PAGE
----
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Tipsheet

Liz Cheney Doesn't Rule Out 2024 Presidential Run

AP Photo/Mark J. Terrill

During her Sunday appearance on CNN's "State of the Union," Rep. Liz Cheney (R-WY) made quite the memorable remarks, as she did not rule out a presidential run in 2024. 

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Towards the end of her segment, host Jake Tapper reminded Cheney that "you have made it very clear you don't think Donald Trump should ever be trusted with the presidency again." Earlier in the segment, the congresswoman had warned that "I think, with respect to Donald Trump, as I said, he can never be anywhere close to the Oval Office ever again." This prompted Tapper to ultimately ask Cheney if she was "willing to run for president to try to stop him, at least in part?"

Cheney responded that "I haven't really -- at this point, I have not made a decision about 2024," which is not ruling out such a run. She's also raised speculation before that she might be interested in running. "And I am really very focused on the substance of what we have to do on the Select Committee, very focused on the work that I have to do to represent the people of Wyoming. And I will make a decision about 2024 down the road," she went on to say.

Such remarks from the congresswoman are almost laughable, as she's faring terribly in the polls. The latest, from the Casper-Star Tribune, shows her with 30 percent support compared to Harriet Hageman's 52 percent. Hageman, who is backed by former President Donald Trump, has consistently been polling ahead by double digits, and has most of her donations coming from Wyoming. Cheney, while she leads overall in fundraising, has most of her donations coming in from out of state. 

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Further, Cheney doesn't seem to care much for Wyoming voters anymore, as she's made it a point to not attend state events there, and has dismissed it by saying "I’m not going to convince the crazies and I reject the crazies," also condemning Wyoming state party leadership. 

Tapper also pointed out during the segment that "Trump and a bunch of those House Republican leaders are trying to get you defeated in your primary, your Republican primary, in August." As he listed some examples of those campaigning against Cheney, such as Bill Stepien and Tim Murtaugh, Tapper sympathetically pointed out   to Cheney that "that must be really strange for you."

It was in response that Cheney made more claims about how she's courting the vote in Wyoming, while Tapper continued to turn her into a martyr:

CHENEY: I mean, look, it is. It's a highly unusual moment certainly in American politics.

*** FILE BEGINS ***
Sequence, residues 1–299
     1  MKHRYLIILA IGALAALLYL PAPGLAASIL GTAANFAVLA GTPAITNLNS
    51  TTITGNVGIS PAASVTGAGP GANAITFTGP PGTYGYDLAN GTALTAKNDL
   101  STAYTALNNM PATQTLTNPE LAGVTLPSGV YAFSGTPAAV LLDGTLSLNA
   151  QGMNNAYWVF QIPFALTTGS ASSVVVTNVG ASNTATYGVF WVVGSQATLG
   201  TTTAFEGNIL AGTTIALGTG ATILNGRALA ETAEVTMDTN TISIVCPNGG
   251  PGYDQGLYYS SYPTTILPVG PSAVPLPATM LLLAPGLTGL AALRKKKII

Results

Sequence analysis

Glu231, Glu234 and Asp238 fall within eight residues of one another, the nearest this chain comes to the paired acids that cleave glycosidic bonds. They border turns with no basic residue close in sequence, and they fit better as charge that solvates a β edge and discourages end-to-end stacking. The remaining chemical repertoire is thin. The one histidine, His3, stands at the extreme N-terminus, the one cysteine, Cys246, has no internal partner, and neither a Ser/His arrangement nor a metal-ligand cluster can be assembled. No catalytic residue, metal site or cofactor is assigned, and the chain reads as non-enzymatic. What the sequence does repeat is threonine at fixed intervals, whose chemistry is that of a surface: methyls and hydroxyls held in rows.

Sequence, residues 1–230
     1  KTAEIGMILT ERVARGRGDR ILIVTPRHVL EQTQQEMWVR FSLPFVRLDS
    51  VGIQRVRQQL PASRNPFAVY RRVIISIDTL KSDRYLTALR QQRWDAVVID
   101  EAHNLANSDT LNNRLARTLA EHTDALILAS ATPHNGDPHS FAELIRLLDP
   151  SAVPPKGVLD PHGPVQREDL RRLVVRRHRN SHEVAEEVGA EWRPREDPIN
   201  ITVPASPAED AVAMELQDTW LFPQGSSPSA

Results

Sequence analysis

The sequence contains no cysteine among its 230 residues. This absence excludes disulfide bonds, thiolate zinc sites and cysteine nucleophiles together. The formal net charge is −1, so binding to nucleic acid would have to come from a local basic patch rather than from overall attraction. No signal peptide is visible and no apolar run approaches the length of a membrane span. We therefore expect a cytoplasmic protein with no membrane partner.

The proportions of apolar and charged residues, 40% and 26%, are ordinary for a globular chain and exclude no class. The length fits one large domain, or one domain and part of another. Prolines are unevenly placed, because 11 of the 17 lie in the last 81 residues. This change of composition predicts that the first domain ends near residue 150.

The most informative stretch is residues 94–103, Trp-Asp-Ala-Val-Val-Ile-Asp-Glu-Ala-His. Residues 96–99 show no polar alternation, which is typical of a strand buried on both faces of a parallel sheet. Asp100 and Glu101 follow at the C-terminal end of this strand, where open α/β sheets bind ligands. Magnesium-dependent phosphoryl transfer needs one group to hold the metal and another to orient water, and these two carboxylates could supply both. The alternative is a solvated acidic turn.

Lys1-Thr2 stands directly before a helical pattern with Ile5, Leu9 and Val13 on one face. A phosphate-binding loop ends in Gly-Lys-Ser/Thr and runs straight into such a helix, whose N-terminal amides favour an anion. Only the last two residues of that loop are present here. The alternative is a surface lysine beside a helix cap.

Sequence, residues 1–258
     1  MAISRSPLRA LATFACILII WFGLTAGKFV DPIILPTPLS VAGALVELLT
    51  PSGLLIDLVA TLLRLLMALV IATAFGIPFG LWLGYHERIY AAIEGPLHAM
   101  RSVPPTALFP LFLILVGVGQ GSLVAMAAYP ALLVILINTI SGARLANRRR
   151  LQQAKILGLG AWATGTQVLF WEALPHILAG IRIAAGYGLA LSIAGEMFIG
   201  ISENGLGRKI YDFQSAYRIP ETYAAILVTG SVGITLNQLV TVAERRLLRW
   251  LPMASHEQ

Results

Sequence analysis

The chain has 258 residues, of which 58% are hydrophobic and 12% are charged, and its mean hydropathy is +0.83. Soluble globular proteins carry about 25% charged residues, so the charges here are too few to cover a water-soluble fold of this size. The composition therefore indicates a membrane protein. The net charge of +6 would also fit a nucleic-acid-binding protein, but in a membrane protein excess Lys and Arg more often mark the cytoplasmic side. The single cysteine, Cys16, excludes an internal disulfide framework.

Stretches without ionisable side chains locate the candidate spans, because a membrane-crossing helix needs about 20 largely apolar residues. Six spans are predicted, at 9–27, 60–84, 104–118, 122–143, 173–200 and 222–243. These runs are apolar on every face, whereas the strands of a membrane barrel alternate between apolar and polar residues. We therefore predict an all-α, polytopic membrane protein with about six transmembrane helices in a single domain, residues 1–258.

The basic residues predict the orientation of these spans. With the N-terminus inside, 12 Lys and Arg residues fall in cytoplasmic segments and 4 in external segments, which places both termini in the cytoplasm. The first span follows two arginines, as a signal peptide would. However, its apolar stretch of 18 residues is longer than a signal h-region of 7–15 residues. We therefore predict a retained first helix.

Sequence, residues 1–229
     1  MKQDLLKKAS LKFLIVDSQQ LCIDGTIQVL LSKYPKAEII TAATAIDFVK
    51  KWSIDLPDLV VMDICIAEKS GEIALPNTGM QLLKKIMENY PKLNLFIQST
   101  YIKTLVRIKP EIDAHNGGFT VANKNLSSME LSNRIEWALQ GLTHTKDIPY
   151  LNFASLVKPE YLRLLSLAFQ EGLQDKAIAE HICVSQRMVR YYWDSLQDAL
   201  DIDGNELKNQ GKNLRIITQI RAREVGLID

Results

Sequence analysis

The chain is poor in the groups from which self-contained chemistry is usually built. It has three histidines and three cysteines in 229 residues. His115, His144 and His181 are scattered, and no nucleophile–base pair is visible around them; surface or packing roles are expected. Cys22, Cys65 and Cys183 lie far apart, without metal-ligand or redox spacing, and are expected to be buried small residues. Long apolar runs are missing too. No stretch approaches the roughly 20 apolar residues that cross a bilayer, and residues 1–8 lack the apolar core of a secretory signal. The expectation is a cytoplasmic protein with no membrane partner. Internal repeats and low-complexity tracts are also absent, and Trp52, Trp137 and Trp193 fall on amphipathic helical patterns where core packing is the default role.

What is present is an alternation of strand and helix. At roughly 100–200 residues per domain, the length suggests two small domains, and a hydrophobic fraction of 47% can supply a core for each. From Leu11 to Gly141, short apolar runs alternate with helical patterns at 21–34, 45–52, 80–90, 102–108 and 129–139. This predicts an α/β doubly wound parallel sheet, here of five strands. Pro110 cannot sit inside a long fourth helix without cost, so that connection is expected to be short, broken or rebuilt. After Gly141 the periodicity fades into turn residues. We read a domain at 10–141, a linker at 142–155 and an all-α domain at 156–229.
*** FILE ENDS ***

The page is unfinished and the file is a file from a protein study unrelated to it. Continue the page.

And I am working hard here in Wyoming to earn every vote. But I will also say this. I'm not going to lie. I'm not going to say things that aren't true about the election. My opponents are doing that, certainly simply for the purpose of getting elected.

And, Jake, if I have to choose between maintaining a seat in the House of Representatives or protecting the constitutional republic and ensuring the American people know the truth about Donald Trump, I'm going to choose the Constitution and the truth every single day.

And so, as I said, I'm fighting hard. No matter what happens on August 16, I'm going to wake up on August 17 and continue to fight hard to ensure Donald Trump is never anywhere close to the Oval Office ever again.

TAPPER: If you end up losing your job in Congress because of your work on this committee, it will have been worth it to you?

CHENEY: There's no question.

I believe that my work on this committee is the single most important thing I have ever done professionally. It is an unbelievable honor to represent the people of Wyoming in Congress. And I know that all of us who are elected officials take an oath that we swear under God to the Constitution. And that oath has to mean something.

And that oath means that we cannot embrace and enable a president as dangerous as Donald Trump is. And my obligations and my responsibilities on this committee are to ensure that we understand exactly what happens, so that we can establish legislation and recommendations to help ensure it never happens again.

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It's indeed looking as if Cheney could lose her seat due to her participation on the select committee. She was picked not by House Minority Leader Kevin McCarthy (R-CA), but by House Speaker Nancy Pelosi (D-CA), as was Rep. Adam Kinzinger (R-IL), the only other Republican on the select committee. 

That same Casper-Star Tribune poll found that 64 percent disapprove of "Liz Cheney's decision to serve on the Jan. 6 committee," and 54 percent said it made them less likely to vote for her. When asked if "Liz Cheney's opposition to Trump affected her ability to deal with the important Wyoming issues," 61 percent said it did. 

Cheney isn't the only vulnerable member on the select committee. Rep. Stephanie Murphy (D-FL) is also retiring, rather than lose. Rep. Elaine Luria (D-VA) is running for re-election, but is facing a tough race, which is not helped by her presence on the select committee. Kinzinger would have likely lost had he chosen to run again, but is retiring, after having his seat pretty much redistricted away by Illinois Democrats. Like Cheney, he too may run for president in 2024. 

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